By Elizabeth Royte
How do you remove a leech? Are they dangerous?
— Todd Kushner, Kuala Lumpur, Malaysia
Bogart may have demonized them in The African Queen, but these hermaphroditic annelids are harmless. Unlike ticks or mosquitoes, leeches don't transmit deadly diseases, and their bite is usually painless, though some species leave a scar that looks remarkably similar to the Mercedes-Benz emblem. True, leeches do have
frightening appetites: Equipped with some 300 microscopic teeth that grind away at your flesh, the average leech can slurp up two tablespoons of blood — about ten times its body mass — in under half an hour.
Since medieval times the leech has been called upon to treat everything from insanity to gout, with varying success. But for clearing up black eyes (a secret that actors have long known about) leeches can't be beat. This talent derives from the leech's impressive stores of salivary anticoagulants, which allow it to suck a meal without clotting
interruption. More recently, doctors have used leeches to restore circulation to reattached fingers, toes, even ears.
So how do you remove one? Try applying salt, moist tobacco, or a lemon wedge until it falls off. Otherwise, a brisk flick of the finger may do the trick. Don't try to peel them off, or you'll wind up with a laceration. "But fear not," insists one leech expert we called. "Leeches are your friends."
Is the sky really bigger in Montana — and if so, why?
— Jake Johns, Denver, Colorado
We called the Montana travel office and got Lana on the line. "Maybe because the state is so spread-out?" she said. "Or because the population is low?" Right on both counts, Lana. Stand on Montana's high prairies and there are no telephone poles, skyscrapers, liquor billboards, or water slides to muck up the vista. Montana has little pollution and low
humidity, which makes for less haze, fewer clouds, and a razor-sharp horizon. You actually see more of the sky.
But wait — what about the rest of the West? Can Montana truly lay claim to the "Big Sky" appellation? What about, say, Wyoming, which has about 300,000 fewer people than Montana blocking the celestial view? When we called the tourism office in Cheyenne and asked if the residents of the Equality State didn't think their sky might be just as big, or
perhaps even a little bigger, an unruffled spokeswoman clucked definitively, "Oh, I would think so."
What's a blue moon? Does it really look blue?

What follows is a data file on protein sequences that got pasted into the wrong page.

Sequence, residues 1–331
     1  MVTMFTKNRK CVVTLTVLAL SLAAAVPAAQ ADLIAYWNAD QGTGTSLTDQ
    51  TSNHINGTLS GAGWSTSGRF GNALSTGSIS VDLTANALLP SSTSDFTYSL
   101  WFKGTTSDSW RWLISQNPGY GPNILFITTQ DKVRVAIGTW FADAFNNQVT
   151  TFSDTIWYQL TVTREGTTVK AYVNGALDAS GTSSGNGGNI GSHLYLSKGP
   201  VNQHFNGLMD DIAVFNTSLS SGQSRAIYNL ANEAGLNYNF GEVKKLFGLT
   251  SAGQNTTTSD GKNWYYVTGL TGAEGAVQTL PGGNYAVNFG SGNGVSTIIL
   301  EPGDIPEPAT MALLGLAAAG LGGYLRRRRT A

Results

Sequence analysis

— Bob Busch, Kansas City, Missouri
"Blue moon" refers to the second full moon in a calendar month, which happens about every 2.73 years. No one is really sure why it's called that. Certainly it has nothing to do with color: A blue moon looks no different from any other full moon. In
medieval times, people used the expression "blue moon" to connote an absurd situation, but nowadays it signifies any event that's infrequent but unpinpointable.
A wrinkle: Sometimes the moon really does appear blue. Any natural disaster that sends large amounts of particulate matter into the atmosphere — a forest fire, say — can scatter light at the red end of the spectrum, causing the moon to take on a bruiselike tint. Perhaps the most prolonged example of this occurred
in 1883, when Indonesia's Krakatoa volcano spewed ash around the world. The moon appeared blue for months.
What did astronomers call the second full moon of the month before "blue moon" became common? "Nothing," says John Mosley of the Griffith Observatory. "What do you call the second Tuesday of the month? There's no need to name it."
By the way, the next blue moon falls in January of 1999.
As June opens, the moon will pass close enough to Saturn to occult the planet's rings in most of Africa and Asia. The new Moon falls on the fifth, leaving the sky dark for good viewing of stars. On the 22d, Venus will be five degrees south of the bright star Pollux. The Moon will be near the bright star Antares on the 18th, the anniversary of
Sally Ride's 1983 launch aboard the shuttle Challenger, making her the first American woman in space.
The full Moon will occur on the 20th. The following day is the solstice, marking the beginning of summer in the Northern Hemisphere as the sun's projection crosses the equator. Officially, the solstice occurs at at 4:20 a.m. EDT. — David N. Schramm
Send your questions for The Wild File to Outside, 400 Market St., Santa Fe, NM 87501, or submit them here.